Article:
Tuesday, October 11, 2011

Developing and Launching Products Without Patent Applications

Most start-ups need to use others to develop and/or launch a product while a patent application is unaffordable.  These situations present dilemmas. 

First, publicly disclosing an idea triggers a one year deadline for filing a related patent application.  In other countries, a disclosure places the idea in the public domain immediately.  Worse still, under the America Invents Act (AIA), offering a product/service for sale that incorporates a patentable idea (or attempting to commercialize the idea) arguably places that idea in the public domain.  However, entrepreneurs can avoid these penalties.

First, they should place all parties involved (including employees, vendors, alpha/beta testers, etc.) under NDA.  Secondly, they should mark all drawings, prototypes, etc. with proprietary warnings.  Thirdly, they should get the other party(s) to verbally confirm that the information involved is proprietary – before making the disclosure.  These actions usually remove a disclosure from the public-disclosure rule.

They should also plan their “offers” carefully.  To fall within the offer-for-sale rule, the offer (not a consummated sale) must be legally binding and the idea must be ready for patenting (the entrepreneur must be able to describe how to make, use, and operate products/services incorporating the idea).  Entrepreneurs should therefore compare their anticipated marketing, sales, and development efforts to determine when they expect to be able to describe the idea and when they expect to make their first legally binding offer. 

They should plan to file a patent application before 1) their first legally binding offer and 2) they can describe the idea well enough that others could make it.  Failing that, they should plan to commit to filing an application within one year in the hopes that the courts reinstate the one year grace period for offers for sale.  Of course, entrepeneuers should also plan to file an application before any public disclosures.

Since you probably find yourself in a unique situation, we at the Villhard Patent Group would enjoy exploring your options with you.  For more information about us, please see www.villhardpatents.com or call us at (512) 897-0399.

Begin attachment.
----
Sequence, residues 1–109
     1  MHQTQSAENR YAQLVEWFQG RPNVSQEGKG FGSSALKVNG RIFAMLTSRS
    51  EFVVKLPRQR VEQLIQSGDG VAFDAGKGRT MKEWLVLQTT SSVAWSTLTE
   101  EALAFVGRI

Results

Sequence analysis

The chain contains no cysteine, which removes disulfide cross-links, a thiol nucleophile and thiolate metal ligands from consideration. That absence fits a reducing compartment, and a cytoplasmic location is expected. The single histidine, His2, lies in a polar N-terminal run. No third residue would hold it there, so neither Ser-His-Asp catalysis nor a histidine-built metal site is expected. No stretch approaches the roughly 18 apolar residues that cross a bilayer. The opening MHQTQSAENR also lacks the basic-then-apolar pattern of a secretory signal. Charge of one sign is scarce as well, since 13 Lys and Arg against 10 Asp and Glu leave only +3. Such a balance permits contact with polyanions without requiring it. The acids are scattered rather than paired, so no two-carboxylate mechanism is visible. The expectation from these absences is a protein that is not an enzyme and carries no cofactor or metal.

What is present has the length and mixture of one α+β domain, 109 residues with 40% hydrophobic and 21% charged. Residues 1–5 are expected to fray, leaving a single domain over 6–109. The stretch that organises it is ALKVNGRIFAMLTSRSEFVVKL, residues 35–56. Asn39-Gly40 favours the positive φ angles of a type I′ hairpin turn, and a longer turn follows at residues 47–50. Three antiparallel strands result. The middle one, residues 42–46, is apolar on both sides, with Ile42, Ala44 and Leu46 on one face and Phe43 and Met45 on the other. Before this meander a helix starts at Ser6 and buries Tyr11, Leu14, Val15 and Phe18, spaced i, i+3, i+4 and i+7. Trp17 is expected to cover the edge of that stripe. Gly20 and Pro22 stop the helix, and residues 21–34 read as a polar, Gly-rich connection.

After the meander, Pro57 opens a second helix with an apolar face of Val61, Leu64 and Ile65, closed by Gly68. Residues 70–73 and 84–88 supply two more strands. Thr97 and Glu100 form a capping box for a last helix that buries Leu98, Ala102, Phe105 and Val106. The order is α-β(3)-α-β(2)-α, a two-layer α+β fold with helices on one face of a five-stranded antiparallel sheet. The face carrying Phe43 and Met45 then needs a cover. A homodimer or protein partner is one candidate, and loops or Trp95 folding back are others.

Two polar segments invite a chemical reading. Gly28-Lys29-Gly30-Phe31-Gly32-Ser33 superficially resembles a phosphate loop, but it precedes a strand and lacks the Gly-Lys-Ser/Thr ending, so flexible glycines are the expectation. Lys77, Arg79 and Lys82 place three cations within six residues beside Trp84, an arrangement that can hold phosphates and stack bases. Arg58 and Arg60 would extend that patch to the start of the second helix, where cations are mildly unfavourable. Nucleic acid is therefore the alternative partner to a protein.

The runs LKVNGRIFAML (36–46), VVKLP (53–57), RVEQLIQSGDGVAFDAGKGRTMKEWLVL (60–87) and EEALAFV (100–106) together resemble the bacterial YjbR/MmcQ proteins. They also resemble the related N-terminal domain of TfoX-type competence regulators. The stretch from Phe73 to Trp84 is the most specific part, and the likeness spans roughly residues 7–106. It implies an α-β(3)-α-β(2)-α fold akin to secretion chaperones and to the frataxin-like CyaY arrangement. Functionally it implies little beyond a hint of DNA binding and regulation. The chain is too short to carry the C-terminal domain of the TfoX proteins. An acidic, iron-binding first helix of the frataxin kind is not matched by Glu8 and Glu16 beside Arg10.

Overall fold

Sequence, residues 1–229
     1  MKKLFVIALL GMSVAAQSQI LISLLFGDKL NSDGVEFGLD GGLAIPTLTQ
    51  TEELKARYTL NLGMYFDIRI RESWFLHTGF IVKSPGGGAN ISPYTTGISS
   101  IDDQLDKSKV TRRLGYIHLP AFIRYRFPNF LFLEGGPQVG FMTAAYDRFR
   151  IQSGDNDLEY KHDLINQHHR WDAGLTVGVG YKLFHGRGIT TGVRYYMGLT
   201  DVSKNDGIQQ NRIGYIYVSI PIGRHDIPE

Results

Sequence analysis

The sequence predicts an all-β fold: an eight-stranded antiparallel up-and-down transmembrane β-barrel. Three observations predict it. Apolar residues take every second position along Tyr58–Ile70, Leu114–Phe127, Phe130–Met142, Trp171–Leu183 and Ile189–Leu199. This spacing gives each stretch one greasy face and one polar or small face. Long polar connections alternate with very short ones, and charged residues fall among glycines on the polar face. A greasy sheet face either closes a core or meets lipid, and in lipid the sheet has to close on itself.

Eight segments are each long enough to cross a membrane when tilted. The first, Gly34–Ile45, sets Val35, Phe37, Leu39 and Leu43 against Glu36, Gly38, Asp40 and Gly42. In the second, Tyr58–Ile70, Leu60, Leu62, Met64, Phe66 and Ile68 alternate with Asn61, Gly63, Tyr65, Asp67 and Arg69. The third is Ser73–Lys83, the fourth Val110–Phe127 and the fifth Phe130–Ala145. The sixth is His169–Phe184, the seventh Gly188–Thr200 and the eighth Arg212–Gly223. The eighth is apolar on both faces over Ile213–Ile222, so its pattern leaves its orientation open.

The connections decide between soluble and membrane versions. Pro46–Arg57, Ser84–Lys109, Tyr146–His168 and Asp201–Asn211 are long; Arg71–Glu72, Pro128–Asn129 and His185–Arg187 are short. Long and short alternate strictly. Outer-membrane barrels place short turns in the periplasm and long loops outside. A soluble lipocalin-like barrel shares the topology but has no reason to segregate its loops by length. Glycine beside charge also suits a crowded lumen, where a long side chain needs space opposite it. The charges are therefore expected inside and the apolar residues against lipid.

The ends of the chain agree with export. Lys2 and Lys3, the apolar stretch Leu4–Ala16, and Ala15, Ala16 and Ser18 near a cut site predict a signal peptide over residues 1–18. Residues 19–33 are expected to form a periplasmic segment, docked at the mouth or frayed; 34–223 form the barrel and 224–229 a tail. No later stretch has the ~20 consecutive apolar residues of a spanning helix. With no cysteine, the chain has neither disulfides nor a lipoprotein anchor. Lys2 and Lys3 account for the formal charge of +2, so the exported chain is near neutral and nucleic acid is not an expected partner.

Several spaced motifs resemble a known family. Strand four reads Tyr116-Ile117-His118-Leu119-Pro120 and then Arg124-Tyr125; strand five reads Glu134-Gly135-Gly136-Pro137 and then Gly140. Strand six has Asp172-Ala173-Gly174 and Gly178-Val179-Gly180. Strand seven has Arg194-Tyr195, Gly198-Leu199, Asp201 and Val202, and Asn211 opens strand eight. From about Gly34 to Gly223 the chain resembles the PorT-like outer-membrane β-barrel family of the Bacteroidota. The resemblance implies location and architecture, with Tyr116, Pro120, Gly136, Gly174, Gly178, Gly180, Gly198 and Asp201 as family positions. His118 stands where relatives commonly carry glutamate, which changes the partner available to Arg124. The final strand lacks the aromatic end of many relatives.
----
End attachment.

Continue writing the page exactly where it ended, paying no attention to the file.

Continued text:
Tuesday, October 4, 2011

Halloween 2012: Revenge of the Entrepreneur

Bad patents are the bane of entrepreneurs.  These zombie patents wander the country-side apparently claiming well-known technology yet somehow managing to survive the invalidity grave yard.  For years entrepreneurs have pled for weapons with which to defend themselves against these monsters.  Finally, despite its warts, the 2011 patent reform law places three new weapons (third-party submissions, post-grant reviews, and inter partes reviews) in the hands of entrepreneurs-- and just in time for Halloween 2012.

More specifically, third-party submissions will allow anyone to submit potential prior art against pending patent applications.  These submissions must occur before the earliest of the patents' allowance -- or the latter of their first office action or 6 months after their publication.  While Examiners are not obligated to give such submissions more weight than other documents, at least they will enjoy a chance of driving stakes through the hearts of bad applications.  Moreover, third-party submissions will also be available against bad patents themselves.  These submissions though will not immediately affect the validity of bad patents.  Instead, their usefulness will hopefully include handing accused infringers a source of industry-gathered killer prior art. 

Entrepreneurs will also be able to petition the Patent Office for post-grant reviews of bad patents for a variety of reasons during their first 9 months after issuance. 

Thereafter, entrepreneurs will be able to petition the office for inter partes reviews of these monsters.  However, patent reform limits the grounds of these reviews to a limited set of prior art related issues.  Patent owners, moreover, will likely oppose these reviews meaning that they will probably be expensive. Nonetheless, patent reform will allow entrepreneurs to take revenge upon bad patents starting on Sept. 16, 2012.

We at the Villhard Patent Group would be happy to discuss these subjects and other aspects of patents and the patenting process with you.  For more information about us, please see www.villhardpatents.com or call us at 512-897-0399.